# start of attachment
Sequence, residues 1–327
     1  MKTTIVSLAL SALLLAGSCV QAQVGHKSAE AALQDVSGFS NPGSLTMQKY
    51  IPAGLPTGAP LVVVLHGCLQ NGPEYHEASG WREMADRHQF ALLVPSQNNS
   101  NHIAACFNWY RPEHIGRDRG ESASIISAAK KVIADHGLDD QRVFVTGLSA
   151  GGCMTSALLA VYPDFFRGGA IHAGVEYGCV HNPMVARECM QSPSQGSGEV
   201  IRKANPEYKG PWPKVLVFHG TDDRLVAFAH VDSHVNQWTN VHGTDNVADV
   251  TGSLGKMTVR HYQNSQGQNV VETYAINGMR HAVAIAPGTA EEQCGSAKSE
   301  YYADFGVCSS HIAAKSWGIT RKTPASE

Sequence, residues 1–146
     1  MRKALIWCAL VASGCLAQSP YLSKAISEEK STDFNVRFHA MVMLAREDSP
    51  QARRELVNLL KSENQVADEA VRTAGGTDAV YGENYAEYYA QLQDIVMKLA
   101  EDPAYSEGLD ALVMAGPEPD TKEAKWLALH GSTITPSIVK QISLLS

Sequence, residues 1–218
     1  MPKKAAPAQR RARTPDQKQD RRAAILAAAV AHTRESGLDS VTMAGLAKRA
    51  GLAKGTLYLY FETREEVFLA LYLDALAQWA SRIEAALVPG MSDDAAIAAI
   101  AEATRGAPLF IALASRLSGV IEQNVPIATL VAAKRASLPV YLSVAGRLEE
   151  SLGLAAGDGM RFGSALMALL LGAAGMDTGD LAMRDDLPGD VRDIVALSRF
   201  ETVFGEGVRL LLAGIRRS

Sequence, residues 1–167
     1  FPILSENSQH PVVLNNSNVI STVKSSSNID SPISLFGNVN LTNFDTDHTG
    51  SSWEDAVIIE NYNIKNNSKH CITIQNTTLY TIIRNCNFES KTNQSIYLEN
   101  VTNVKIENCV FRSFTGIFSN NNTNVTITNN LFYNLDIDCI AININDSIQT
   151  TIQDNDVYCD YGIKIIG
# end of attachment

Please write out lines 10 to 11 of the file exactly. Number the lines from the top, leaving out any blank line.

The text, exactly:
     1  MRKALIWCAL VASGCLAQSP YLSKAISEEK STDFNVRFHA MVMLAREDSP
    51  QARRELVNLL KSENQVADEA VRTAGGTDAV YGENYAEYYA QLQDIVMKLA